Masuk student assists in creation of coding programs Statewide

Masuk Principal Steven Swensen, left, with student, Bhuvan Hospet and Bonnie Maur, the STEAM director of Sacred Heart University.

MONROE, CT — Masuk High School student Bhuvan Hospet, who ran an advanced coding class and an introductory coding class to raise money for the Monroe Food Pantry with his peers, reformulated his coding club ideas for Sacred Heart University and the Isabelle Farrington College of Education this year.

Hospet, a sophomore who takes Programming One and AP Computer Science Principles at Masuk, used his coding knowledge to help elementary school students across Connecticut during COVID-19 and online learning. 

With the help of Project FUTURE, a computer science grant program at Sacred Heart University, Hospet used redesigned ideas from previous coding fundraisers for eight school districts as after-school clubs. These computer science coding programs introduced elementary school students to elements and basic techniques of coding.

Hospet worked closely with Bonnie Maur, the Science, Technology, Engineering, Art and Math (STEAM) director at Sacred Heart.

“If we start with students and teach them all of the aspects of STEM in elementary school, think about what they will be able to do when they get to the high school level,” said Maur, who helped to open STEM Academy in the Monroe school district nearly 11 years ago.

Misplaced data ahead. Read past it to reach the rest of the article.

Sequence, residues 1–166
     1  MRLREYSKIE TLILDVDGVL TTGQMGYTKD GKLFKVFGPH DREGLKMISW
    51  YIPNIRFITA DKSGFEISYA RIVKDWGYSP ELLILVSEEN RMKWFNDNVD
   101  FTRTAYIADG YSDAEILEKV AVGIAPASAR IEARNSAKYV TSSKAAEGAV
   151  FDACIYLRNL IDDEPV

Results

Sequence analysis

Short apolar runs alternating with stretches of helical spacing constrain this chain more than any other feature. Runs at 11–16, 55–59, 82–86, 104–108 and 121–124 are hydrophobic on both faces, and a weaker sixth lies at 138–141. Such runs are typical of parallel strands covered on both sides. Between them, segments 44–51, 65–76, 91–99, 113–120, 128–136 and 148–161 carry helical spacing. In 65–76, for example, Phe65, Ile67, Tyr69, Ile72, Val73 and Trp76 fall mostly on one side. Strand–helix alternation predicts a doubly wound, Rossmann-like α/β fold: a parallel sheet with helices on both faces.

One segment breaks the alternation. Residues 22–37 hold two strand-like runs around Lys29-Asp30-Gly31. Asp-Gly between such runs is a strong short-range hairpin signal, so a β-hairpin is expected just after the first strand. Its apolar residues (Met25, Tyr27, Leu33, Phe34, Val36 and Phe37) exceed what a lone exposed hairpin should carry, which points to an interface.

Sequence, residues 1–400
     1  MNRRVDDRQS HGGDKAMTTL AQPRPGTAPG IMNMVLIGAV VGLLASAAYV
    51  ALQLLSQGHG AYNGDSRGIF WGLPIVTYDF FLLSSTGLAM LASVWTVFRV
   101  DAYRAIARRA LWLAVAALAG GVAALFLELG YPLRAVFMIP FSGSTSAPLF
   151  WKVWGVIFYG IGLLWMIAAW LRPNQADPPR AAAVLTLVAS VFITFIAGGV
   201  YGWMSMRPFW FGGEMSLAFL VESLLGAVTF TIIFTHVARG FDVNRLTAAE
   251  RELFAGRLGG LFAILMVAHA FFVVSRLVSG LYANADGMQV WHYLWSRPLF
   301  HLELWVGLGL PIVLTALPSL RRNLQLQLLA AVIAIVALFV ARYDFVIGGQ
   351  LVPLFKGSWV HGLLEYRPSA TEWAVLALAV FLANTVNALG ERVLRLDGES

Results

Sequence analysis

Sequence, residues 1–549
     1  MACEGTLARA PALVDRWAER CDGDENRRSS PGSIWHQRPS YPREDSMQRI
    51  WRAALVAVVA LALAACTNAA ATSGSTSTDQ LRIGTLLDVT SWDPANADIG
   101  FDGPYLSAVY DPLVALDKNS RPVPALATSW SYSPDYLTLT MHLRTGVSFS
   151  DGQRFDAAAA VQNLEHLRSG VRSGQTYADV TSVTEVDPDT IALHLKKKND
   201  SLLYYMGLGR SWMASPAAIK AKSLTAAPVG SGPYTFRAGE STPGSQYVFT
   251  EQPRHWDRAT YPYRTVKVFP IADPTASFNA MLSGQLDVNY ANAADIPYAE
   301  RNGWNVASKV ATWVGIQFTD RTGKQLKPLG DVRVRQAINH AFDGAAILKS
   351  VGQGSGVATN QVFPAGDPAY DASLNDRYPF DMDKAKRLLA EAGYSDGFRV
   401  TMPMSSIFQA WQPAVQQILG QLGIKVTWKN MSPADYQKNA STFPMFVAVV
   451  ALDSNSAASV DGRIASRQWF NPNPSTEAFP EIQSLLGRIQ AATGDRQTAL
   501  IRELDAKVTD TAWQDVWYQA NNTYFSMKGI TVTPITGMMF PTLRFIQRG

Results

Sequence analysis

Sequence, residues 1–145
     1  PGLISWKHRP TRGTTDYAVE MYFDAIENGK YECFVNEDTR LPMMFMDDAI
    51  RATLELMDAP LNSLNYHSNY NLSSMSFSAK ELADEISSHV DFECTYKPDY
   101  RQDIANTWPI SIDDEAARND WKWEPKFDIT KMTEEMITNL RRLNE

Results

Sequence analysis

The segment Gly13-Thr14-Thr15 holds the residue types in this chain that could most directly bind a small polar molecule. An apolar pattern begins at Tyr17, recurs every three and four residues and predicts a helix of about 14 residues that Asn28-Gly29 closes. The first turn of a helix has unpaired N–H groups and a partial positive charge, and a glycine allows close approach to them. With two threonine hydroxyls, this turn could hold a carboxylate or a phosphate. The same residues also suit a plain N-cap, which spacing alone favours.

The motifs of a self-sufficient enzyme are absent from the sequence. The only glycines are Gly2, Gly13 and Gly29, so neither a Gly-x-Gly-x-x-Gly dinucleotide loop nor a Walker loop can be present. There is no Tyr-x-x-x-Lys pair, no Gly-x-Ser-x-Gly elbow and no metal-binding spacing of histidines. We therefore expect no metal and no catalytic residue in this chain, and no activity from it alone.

In return for his contribution, Project FUTURE and Sacred Heart University have given Hospet two three-credit college coding courses in the Taste of College program. 

“As I got into middle school, exposure from my dad and my peers really encouraged me to get invested in coding,” Hospet said. “I think a lot differently when I do code compared to other subjects and skills. I definitely want to go into a STEM field, but I also want to explore my passions.”

Masuk Principal Steven Swenson was previously involved in STEM academics himself, while serving as a mathematics teacher at Avon High School.

STEM to Masuk is vitaly important. If COVID-19 has taught us anything, it is the need to be technologically literate and to navigate the technological world,” Swensen said. “There is a growing increase in technology education and the State has finally made it a requirement for all students as well.”

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